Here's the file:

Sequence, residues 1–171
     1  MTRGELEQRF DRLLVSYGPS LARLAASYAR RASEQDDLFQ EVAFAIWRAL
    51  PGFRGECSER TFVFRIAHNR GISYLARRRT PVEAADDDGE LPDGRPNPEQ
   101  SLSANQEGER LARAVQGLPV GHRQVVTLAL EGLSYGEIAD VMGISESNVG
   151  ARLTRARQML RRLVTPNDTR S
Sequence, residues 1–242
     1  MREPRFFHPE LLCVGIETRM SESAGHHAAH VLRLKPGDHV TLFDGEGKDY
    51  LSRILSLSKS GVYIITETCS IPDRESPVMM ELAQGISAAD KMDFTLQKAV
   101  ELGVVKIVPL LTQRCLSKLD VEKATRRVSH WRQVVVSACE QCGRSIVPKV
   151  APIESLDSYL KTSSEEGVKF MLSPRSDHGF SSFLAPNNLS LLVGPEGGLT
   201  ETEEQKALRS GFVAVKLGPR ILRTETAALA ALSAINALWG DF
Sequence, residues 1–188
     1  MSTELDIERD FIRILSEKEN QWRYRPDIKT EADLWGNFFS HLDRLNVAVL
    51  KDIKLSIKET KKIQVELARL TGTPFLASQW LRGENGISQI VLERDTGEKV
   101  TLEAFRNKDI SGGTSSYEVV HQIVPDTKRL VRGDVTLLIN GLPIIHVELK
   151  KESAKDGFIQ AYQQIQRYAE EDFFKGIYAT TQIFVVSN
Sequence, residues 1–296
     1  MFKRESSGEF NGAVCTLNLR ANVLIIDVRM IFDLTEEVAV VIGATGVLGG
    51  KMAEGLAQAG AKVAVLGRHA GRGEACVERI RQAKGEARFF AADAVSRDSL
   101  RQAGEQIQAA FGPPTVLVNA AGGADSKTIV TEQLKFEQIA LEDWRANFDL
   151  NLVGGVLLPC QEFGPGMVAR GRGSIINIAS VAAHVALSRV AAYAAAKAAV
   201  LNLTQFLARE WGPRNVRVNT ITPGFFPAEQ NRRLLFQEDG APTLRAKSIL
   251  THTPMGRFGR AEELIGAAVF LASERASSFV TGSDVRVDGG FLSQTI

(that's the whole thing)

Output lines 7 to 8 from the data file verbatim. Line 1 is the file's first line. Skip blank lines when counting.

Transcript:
     1  MREPRFFHPE LLCVGIETRM SESAGHHAAH VLRLKPGDHV TLFDGEGKDY
    51  LSRILSLSKS GVYIITETCS IPDRESPVMM ELAQGISAAD KMDFTLQKAV